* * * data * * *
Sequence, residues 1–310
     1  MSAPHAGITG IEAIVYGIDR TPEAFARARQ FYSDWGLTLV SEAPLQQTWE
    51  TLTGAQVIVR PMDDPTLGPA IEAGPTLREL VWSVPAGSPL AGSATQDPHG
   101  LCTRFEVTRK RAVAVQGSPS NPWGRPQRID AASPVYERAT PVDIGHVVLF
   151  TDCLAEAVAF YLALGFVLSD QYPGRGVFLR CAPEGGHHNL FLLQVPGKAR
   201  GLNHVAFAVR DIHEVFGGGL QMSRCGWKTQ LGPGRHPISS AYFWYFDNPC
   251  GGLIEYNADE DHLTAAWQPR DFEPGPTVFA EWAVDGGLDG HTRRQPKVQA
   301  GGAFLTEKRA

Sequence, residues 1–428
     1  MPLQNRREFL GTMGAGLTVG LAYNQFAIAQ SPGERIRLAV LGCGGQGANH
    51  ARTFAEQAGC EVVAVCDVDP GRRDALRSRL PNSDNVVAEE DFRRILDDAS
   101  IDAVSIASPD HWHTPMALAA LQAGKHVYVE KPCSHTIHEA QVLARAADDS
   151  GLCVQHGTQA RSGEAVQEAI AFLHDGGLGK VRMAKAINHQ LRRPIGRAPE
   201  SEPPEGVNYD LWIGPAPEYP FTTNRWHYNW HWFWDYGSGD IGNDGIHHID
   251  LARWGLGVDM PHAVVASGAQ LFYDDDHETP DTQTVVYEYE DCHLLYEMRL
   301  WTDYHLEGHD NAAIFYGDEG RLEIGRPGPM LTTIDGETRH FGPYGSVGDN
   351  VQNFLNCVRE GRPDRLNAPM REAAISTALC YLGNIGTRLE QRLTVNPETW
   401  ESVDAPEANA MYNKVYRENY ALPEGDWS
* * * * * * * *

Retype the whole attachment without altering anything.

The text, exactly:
Sequence, residues 1–310
     1  MSAPHAGITG IEAIVYGIDR TPEAFARARQ FYSDWGLTLV SEAPLQQTWE
    51  TLTGAQVIVR PMDDPTLGPA IEAGPTLREL VWSVPAGSPL AGSATQDPHG
   101  LCTRFEVTRK RAVAVQGSPS NPWGRPQRID AASPVYERAT PVDIGHVVLF
   151  TDCLAEAVAF YLALGFVLSD QYPGRGVFLR CAPEGGHHNL FLLQVPGKAR
   201  GLNHVAFAVR DIHEVFGGGL QMSRCGWKTQ LGPGRHPISS AYFWYFDNPC
   251  GGLIEYNADE DHLTAAWQPR DFEPGPTVFA EWAVDGGLDG HTRRQPKVQA
   301  GGAFLTEKRA

Sequence, residues 1–428
     1  MPLQNRREFL GTMGAGLTVG LAYNQFAIAQ SPGERIRLAV LGCGGQGANH
    51  ARTFAEQAGC EVVAVCDVDP GRRDALRSRL PNSDNVVAEE DFRRILDDAS
   101  IDAVSIASPD HWHTPMALAA LQAGKHVYVE KPCSHTIHEA QVLARAADDS
   151  GLCVQHGTQA RSGEAVQEAI AFLHDGGLGK VRMAKAINHQ LRRPIGRAPE
   201  SEPPEGVNYD LWIGPAPEYP FTTNRWHYNW HWFWDYGSGD IGNDGIHHID
   251  LARWGLGVDM PHAVVASGAQ LFYDDDHETP DTQTVVYEYE DCHLLYEMRL
   301  WTDYHLEGHD NAAIFYGDEG RLEIGRPGPM LTTIDGETRH FGPYGSVGDN
   351  VQNFLNCVRE GRPDRLNAPM REAAISTALC YLGNIGTRLE QRLTVNPETW
   401  ESVDAPEANA MYNKVYRENY ALPEGDWS